These difficult kids are not that rare, I even remember knowing some while growing up. It's not anything the parents did necessarily, and it's not that they are ADD/ADHD or anything else. They are just difficult.
There is a little boy that is smaller than his peers in kindergarten at the school my younger kids go to. He has had a really rough time. He is a victim of child abuse and has lived in at least 3 or 4 different homes, counting where he is now. Each home having a different set of rules and a different value system. one or two were Christian, one was atheist, the others just went with the flow. Every home had a new mommy that swore they would be his "forever" mommy. Only for him to move again.
He has learned that if he lies about things he gets attention and that his teacher feels sorry for him. But in return, he won't listen to the teacher. He is in therapy, and it helps his parents and his siblings, but it seems to make things worse at school.
So what do you do with such a child? Do you send him to the child welfare system in hopes that the problem will disappear? Do you send him back to his birth parent even though that is where the abuse happened? What is it that you do?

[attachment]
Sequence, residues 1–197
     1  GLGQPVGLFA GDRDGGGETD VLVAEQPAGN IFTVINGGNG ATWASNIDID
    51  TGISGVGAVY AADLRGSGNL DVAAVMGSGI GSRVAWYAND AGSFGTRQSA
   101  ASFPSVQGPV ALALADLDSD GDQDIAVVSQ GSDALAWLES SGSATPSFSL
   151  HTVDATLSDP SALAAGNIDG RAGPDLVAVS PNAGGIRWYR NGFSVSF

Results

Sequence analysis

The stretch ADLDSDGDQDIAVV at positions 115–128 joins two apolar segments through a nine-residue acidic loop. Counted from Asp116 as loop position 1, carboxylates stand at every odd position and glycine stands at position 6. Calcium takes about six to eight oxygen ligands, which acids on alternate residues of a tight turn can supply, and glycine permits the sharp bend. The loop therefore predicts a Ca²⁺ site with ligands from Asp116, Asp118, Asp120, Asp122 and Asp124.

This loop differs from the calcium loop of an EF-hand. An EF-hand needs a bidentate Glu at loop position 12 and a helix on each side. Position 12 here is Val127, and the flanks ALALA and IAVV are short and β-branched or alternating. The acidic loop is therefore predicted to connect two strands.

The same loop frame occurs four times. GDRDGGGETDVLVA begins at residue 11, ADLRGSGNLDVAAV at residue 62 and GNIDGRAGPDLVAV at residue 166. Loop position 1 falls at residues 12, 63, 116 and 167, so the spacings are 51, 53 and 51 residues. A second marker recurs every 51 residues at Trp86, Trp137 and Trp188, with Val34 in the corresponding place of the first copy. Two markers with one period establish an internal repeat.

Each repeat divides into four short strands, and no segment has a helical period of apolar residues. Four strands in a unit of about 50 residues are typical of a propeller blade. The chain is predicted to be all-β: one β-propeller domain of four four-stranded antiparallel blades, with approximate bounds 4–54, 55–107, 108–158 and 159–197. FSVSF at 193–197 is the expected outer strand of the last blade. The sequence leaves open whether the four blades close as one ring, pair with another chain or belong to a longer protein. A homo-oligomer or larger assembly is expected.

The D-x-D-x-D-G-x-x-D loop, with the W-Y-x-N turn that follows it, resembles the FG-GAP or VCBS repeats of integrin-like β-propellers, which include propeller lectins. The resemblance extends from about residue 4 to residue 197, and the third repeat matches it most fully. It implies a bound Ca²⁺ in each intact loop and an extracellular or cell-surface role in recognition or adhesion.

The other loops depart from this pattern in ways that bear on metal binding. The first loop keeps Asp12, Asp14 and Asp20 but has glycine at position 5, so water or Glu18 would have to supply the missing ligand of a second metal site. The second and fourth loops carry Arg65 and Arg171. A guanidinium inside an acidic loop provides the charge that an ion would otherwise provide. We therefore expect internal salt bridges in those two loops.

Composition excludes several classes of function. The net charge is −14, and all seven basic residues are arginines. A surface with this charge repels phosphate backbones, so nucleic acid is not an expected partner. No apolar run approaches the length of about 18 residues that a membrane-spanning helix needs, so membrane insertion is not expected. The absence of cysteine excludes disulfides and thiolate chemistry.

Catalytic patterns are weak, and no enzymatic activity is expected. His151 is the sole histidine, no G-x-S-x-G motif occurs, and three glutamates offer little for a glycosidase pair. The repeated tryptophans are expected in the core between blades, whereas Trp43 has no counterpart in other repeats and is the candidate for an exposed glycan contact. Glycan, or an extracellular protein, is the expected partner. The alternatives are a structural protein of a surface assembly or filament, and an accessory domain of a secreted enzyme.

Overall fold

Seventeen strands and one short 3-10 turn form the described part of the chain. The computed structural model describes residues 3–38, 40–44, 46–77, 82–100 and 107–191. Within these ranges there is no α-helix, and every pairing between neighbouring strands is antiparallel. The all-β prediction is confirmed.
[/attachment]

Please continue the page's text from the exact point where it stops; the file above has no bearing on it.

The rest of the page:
I can answer that very simply and very easily.... you pray.
I highly suggest that you get a copy of The Power of the Praying Parent by Stormie Omartian and you use it as a tool to pray over any troubled or difficult child. You don't have to be the parent in order to pray.
The more people out there praying for the children, the more children will come to know the Lord. God will heal our kids. Sometimes all the kids need is to know somebody cares. And in today's world that is a high commodity that not all kids get.
|The Power of a Praying Parent|
By Stormie Omartian / Harvest House Publishers
Stormie Omartian revisits her bestselling book for parents---now with a new cover---by adding new material and the wisdom gleaned from even more years of being a mom. In 30 easy-to-read chapters, Stormie shares from personal experience as to how parents can pray for their children's safety, character, adolescence, peer pressure, school experiences, friends, and relationship with God. Now adults, Stormie's grown-up children also reflect on the way their praying parents raised them---and what a difference it made.